Brussels: EU staff strike over blocked pay rise
BRUSSELS – The recommendation has been blocked by a number of ambassadors after member states accused the European Commission of double standards given it has demanded strict national cutbacks to public sector outlay.
Under the laws of the bloc, member states have until midnight on December 31 to pass the measure which applies to bureaucrats’ salaries reaching up to almost 18,000 euros per month net, and also to a portion of European Parliament lawmakers’ wages, according to an EU official.
Among those on the ‘picket line’ on Monday were Fabien Durand, a full-time official with the Renewal and Democracy union who admits to being paid around 9.000 euros per month net.
"The member states don’t want to respect their commitments. We can’t trust them," he told reporters.
British Prime Minister Gordon Brown was the first government leader to speak out on the issue, warning disgruntled EU staff on Friday to avoid steep wage demands given economic constraints all around.
"Obviously everybody is agreed that pay settlements have got to be reasonable at this time," Brown told reporters after a summit of EU leaders in the EU capital.
And a meeting of member states on the issue broke up later Monday without a sufficient majority to push for any renegotiation.
Talks will resume on Wednesday but Austria, Britain, Germany, the Netherlands and Poland remain "opposed" to re-evaluation, according to one diplomat.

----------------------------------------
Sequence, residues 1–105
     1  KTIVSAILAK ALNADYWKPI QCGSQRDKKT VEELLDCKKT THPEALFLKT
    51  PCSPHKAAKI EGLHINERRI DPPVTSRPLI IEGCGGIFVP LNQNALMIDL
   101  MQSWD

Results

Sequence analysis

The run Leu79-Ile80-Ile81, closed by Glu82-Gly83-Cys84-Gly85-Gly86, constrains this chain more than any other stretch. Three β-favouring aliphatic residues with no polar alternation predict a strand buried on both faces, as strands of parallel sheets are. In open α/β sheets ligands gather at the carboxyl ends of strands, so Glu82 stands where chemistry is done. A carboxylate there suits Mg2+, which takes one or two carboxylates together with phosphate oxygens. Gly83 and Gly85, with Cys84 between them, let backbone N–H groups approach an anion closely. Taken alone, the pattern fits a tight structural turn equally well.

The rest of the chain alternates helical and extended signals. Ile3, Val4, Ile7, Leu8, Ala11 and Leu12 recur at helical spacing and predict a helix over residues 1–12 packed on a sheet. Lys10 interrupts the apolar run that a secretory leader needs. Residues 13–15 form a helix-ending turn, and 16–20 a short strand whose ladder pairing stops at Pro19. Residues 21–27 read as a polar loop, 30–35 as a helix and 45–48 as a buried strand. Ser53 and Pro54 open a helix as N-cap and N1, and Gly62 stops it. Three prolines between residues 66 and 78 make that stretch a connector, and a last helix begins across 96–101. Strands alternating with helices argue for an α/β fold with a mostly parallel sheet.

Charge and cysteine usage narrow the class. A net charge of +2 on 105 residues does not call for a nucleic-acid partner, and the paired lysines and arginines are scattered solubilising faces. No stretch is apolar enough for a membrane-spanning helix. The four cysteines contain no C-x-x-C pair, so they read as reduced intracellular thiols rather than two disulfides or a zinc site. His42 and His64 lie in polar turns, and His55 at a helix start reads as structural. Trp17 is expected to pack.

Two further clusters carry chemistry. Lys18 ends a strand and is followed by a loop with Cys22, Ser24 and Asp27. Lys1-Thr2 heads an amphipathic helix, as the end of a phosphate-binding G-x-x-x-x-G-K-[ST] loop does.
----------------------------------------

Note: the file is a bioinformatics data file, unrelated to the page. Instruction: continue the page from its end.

Demonstrators said tax and other allowances over and above high salaries compared to people performing similar roles in member states were misunderstood given personal sacrifices.
"Staff in countries’ embassies here get much bigger perks than us, such as cars," said Roland Hanff, a 52-year-old from Luxembourg who works on archiving EU documents and takes home some 6,000 euros per month.
"I can’t work in my mother tongue," he added by way of further justification. Luxembourgish is considered a dialect closely related to German, which is one of the EU’s official languages.
"We won’t starve, that’s for sure," admitted IT specialist Abramo Landi, also on 6,000 euros per month but who nevertheless said his pay was poor compared to consultant rates of some 800 euros per day.
"I wasn’t going to leave the Portuguese sun to come to Brussels without good reason," added secretary Licinia Dias, who pockets 4,000 euros per month net after 18 years on the payroll.
Disruptive staff action is also planned during a session of the European parliament in Strasbourg this week, while unions for European Commission staff have further expressed their solidarity.
The commission proposed the pay hike last month for employees of the main institutions — the parliament, the commission and the council where EU nations are represented.
Under that scheme, some 44,500 people in Brussels and elsewhere stand to benefit from the increase on salaries ranging from 2,550 euros (3,800 dollars) per month to around 17,700 euros for a departmental head.
European Commission President Jose Manuel Barroso has said the executive was bound by European law to grant the pay rise as it is statutorily calculated on the basis of the previous year’s public salary pay awards in eight EU nations, including Britain, France, Germany and Italy.
A commission spokeswoman said on Monday that "we believe it is legitimate to expect that method to be applied… we expect the rules to be applied."
Another spokeswoman said there had been a "loss in purchasing power for EU officials… of 1.7 percent" since 2004, and that pension contributions — although also, in theory, returns — would be going up as of January 1, 2010.